After spending some time with smaller phone games, Netflix is finally ramping up its testing of streaming games on TVs for its subscription service. Undergoing a limited test release first in the UK and Canada, the first two games of Oxenfree 2 and Molehew’s Mining Adventure look to test the waters and work out potential bugs. It’s an important step for the company that made-at-home television and movie streaming a household activity, and it’s one with more challenges than meets the eye.
The Importance of Diversification
While Netflix has long been the leader in online streaming services, its dominance of the market is fading. Competitors like Hulu and HBOMax have been working tirelessly to improve their libraries and user experiences, and with more shows heading to other networks, Netflix can’t afford to rest on its laurels.
As the oldest name in the streaming market, Netflix needed to pivot. The company is no stranger to this idea, having once made the titanic shift from mailing DVDs to offering its services via online streaming. Going beyond this point is untested waters which meant Netflix had to try something new.
The average age of game enthusiasts in 2023 is 35 years old, with many players owning their own homes, playing games, and subscribing to Netflix services. With the popularity of gaming always growing, Netflix saw its position as a launching pad to add widely available games to its library, and it could be onto something. A broad level of accessibility was a powerful tool in Netflix’s video arsenal, and it could also be a key feature in its approach to gaming.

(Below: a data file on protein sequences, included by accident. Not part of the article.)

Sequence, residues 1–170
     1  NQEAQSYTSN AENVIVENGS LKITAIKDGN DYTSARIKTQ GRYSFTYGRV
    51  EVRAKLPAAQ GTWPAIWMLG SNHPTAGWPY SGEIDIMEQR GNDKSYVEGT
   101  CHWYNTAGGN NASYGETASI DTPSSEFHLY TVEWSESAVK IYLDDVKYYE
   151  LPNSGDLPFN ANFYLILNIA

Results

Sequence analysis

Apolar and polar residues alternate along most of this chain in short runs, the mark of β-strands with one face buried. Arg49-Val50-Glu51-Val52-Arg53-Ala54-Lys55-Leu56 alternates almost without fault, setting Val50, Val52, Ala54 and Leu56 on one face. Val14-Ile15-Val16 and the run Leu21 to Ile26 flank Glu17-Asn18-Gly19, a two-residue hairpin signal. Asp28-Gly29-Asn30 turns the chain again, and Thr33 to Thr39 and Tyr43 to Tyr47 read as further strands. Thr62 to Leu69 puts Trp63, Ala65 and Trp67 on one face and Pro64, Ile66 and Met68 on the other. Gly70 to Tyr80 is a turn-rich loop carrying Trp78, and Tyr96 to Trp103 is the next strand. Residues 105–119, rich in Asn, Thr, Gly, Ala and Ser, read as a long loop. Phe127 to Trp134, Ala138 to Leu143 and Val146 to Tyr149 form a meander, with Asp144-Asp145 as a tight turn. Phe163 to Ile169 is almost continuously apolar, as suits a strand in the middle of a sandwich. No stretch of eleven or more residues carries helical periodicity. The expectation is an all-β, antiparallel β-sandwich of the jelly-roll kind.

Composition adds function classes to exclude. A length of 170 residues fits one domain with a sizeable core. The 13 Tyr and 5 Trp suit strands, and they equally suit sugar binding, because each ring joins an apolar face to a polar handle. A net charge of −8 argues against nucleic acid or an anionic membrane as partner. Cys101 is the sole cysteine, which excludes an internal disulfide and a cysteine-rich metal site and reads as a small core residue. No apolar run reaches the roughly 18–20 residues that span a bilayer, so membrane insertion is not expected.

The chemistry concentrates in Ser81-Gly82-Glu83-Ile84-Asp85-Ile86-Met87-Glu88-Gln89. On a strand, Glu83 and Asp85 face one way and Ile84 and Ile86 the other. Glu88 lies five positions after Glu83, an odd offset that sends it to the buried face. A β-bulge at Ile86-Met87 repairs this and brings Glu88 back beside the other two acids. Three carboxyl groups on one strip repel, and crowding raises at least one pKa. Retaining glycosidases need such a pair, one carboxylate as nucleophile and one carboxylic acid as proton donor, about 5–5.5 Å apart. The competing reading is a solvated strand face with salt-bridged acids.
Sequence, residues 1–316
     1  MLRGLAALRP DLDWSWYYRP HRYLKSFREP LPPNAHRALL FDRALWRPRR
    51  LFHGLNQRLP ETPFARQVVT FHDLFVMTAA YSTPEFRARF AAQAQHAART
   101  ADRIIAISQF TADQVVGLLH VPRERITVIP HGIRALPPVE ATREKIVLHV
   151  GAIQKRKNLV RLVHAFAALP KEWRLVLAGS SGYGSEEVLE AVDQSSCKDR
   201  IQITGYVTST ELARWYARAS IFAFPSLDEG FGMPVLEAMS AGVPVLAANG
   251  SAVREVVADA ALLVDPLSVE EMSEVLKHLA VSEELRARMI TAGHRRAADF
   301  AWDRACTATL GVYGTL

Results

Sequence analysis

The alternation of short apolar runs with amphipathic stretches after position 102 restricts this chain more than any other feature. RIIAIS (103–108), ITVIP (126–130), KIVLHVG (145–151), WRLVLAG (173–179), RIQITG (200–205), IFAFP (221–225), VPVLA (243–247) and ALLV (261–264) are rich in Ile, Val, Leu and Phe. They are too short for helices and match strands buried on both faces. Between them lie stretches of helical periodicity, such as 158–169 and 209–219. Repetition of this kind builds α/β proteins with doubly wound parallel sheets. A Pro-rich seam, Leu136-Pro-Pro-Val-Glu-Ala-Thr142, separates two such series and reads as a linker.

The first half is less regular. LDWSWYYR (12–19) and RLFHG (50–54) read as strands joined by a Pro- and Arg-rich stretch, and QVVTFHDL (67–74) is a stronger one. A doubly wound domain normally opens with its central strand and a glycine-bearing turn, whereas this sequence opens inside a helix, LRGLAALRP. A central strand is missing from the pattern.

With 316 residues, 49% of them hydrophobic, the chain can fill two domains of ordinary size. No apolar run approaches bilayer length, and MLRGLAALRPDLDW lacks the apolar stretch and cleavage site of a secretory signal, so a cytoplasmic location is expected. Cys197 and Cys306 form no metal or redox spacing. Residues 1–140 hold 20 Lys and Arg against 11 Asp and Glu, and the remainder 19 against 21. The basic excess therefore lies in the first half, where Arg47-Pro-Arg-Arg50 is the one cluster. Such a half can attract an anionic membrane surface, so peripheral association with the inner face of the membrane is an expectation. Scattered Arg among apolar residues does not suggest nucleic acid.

Diversification of access is hardly a new concept in online business either, as the online casino market has demonstrated for years. In online casinos, games like slots, blackjack, and craps used to be confined to desktop systems. Once smartphones became popular, online casinos pivoted, adding access to machines everybody had in their pockets. Since then, mobile access has become the biggest part of the online casino experience, and this is a concept Netflix wants to mirror as it adds games to its TV lineup.
Building for the Future
Game streaming has seen experimentation before, but it’s often overpromised and misunderstood. Google illustrated a famous example of this idea, as its Stadia crashed and burned within a few years of launch. Netflix appears to be taking a more measured approach, where it’s targeting slower-paced and less demanding titles as the foundation of its experiences.
By taking this approach, Netflix will be able to offer its games over a wider range of TVs, while also mitigating the ever-present problem of latency (signal delay). Being careful and not overextending could be exactly what the company needs to create a positive reputation and avoid overpromising like so many that came before.
Should Netflix succeed in its implementation of game-streaming services, others in the video-streaming business will likely follow in its footsteps. Because delivering real-time interactive content can be much more challenging than proving video streams, the success of any of these imitators would be just as questionable. Whatever the result, it’s difficult to argue against more choices for consumers, especially if existing video libraries are continuing to split between the big streaming services.
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